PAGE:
Different stress distributions were found between the intact and reconstructed pelvises in this study. An unbalanced stress distribution was found in the resected pelvis, and the higher stress distribution noted in the reconstructed pelvis was related to the stress block of the two lag screws. FE modeling showed that maximum von Mises stresses in the reconstructed pelvis were in the area of the connection of the femur and sacrum, left end of the screws, and right SIJ. These stresses could lead to degeneration of the SIJ on the normal side, development of scoliosis, and a contralateral pelvic tilt [30]. The use of larger diameter screws (7.3 or 7.5 mm) would prevent too much stress at the SIJ on the normal side. The stress concentration on the left end of the screws was related to their small contact surface with the femur, and larger screws would increase the interface with the SIJ, sacrum, and femur, thus decreasing the maximum stress on the SIJ on the normal side.

The stress distribution in the reconstructed bone was different for the two reconstructed pelvic models. In the femoral model, the von Mises stress was 13.9 MPa, whereas in the tibial model, the maximum stress at the tibia was only 6.41 MPa, significantly less than that in the femoral model and less than 80 MPa, the yield stress of cortical bone. It should be noted that in the tibial reconstructed model, the von Mises stress was concentrated on the tibial shaft, which could lead to partial or complete fracture of the tibia and reconstruction failure. From a biomechanical point of view, distal femur reconstruction of the pelvis is suitable after hindquarter amputation.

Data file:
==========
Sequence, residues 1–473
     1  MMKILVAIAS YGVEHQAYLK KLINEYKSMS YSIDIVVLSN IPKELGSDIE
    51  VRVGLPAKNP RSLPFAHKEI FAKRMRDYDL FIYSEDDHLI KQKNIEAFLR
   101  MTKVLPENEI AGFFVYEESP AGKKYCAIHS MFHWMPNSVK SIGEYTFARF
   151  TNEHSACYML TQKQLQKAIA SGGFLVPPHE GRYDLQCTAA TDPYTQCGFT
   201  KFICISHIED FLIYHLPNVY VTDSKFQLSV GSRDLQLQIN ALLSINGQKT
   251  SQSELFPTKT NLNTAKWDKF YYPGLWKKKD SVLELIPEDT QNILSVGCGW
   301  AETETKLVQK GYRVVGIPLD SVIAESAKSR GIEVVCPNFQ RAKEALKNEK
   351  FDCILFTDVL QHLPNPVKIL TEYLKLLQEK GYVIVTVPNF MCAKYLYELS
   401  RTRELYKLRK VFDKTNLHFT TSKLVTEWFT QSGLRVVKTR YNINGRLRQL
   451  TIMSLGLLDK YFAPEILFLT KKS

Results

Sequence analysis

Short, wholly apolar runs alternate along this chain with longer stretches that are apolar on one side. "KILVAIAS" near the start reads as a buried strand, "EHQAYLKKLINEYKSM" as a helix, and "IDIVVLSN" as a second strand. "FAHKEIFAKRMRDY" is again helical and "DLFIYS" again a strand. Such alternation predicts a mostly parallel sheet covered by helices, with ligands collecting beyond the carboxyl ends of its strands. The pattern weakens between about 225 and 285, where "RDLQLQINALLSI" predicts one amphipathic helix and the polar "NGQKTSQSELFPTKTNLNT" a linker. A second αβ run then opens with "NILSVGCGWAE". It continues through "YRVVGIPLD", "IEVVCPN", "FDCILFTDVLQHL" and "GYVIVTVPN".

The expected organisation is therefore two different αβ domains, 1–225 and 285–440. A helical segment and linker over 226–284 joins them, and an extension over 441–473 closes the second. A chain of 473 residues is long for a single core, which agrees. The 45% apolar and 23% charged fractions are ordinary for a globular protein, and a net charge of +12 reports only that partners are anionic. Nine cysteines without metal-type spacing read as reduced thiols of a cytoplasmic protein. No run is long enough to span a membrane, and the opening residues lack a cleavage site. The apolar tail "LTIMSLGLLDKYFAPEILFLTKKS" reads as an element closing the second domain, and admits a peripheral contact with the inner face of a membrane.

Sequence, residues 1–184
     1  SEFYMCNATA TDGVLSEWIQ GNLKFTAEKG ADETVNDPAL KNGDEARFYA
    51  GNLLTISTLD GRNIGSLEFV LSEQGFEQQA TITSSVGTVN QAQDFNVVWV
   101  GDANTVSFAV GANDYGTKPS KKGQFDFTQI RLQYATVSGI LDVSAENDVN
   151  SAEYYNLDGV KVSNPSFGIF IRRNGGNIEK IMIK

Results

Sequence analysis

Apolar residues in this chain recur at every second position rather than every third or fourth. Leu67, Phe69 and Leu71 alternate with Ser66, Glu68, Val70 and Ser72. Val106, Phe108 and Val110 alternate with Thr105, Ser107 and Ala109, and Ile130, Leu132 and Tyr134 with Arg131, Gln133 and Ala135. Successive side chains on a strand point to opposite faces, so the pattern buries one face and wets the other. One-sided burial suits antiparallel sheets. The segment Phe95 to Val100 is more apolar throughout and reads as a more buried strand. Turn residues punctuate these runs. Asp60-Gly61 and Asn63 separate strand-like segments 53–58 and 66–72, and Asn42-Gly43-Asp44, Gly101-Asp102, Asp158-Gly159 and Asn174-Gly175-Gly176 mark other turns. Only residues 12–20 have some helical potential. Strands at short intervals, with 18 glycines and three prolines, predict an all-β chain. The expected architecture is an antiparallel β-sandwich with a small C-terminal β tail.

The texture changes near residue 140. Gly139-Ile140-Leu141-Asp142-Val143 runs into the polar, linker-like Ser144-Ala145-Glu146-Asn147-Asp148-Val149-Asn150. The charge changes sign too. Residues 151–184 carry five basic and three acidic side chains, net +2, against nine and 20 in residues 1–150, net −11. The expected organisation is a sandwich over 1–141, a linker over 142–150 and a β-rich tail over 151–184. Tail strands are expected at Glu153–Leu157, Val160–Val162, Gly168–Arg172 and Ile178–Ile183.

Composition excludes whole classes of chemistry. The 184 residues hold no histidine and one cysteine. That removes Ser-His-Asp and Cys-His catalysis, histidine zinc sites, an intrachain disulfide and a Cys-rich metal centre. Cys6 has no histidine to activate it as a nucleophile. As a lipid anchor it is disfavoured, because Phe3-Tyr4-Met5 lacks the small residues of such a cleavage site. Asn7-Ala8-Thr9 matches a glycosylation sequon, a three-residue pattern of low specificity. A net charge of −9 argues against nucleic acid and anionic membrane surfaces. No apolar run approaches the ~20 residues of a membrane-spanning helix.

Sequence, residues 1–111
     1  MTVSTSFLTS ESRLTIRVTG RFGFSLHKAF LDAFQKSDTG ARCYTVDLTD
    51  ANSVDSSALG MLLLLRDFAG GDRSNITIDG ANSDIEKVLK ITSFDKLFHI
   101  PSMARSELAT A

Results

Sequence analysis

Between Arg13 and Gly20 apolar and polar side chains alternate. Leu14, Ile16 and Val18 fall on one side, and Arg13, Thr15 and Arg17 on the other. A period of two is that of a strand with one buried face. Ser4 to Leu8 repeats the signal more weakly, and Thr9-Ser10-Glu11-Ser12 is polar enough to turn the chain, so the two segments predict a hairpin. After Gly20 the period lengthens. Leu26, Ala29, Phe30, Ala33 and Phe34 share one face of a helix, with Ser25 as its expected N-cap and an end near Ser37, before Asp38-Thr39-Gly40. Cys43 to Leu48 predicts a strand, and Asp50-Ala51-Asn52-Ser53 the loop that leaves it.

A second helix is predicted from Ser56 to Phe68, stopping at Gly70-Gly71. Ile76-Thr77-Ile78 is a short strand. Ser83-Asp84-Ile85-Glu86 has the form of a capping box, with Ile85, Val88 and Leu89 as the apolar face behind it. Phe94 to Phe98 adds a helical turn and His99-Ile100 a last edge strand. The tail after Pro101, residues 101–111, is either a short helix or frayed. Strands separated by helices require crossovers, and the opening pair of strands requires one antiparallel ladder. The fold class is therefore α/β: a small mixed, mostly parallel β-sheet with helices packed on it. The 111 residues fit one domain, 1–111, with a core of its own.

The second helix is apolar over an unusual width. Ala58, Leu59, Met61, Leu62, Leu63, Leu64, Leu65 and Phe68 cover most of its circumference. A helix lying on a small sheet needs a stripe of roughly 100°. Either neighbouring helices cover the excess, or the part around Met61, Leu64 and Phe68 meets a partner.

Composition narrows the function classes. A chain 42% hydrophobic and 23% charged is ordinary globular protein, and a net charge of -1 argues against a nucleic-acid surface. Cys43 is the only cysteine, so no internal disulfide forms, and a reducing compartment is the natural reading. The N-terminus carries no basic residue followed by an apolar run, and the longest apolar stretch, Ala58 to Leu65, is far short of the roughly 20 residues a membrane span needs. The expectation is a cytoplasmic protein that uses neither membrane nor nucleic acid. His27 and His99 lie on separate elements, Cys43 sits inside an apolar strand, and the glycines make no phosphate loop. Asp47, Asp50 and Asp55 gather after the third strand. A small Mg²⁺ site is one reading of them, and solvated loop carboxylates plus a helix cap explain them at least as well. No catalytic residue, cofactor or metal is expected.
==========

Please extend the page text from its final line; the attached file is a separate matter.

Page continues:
This study had several limitations. Only an axial compressive load was applied in this study, but in vivo forces applied to the pelvis are more complex. Further mechanical evaluation of the reconstructed pelvis regarding flexion, extension, bending, and rotation are required. Moreover, the FE models of the pelvis in the current study also need further modifications. In the current models, the SIJ was regarded as fused, which is an over simplification of the real SIJ and could lead to some deviations in the results. In addition, the model would be more accurate with the addition of elastic tissues such as ligaments and muscles.

Conclusions

In this study, we performed FE analysis of the reconstructed hemipelvis using allograft femur and tibia, and found more stress concentration when the tibia was used for reconstruction, increasing the possibility of breakage. Thus, the femur may be a better choice for reconstruction of hemipelvic defects.

Abbreviations

CT: Computed tomography; FE: Finite element; QOL: Quality of life; SIJ: Sacroiliac joint.

Competing interests

All authors declare no conflict of interest.

Authors’ contributions

JM participated in study concepts and study design; MN carried out the experimental studies; YSG participated in the literature research and carried out the data analysis; ZYW participated in the experimental studies and literature research. All authors read and approved the final manuscript.

Acknowledgements

We would like to thank the staff of the Department of Biomechanics, Tongji University School of Life Science and Technology, and especially Prof. Zu-Quan Ding and Dr. Wen-Xin Niu for their outstanding work and constructive advice to the whole study.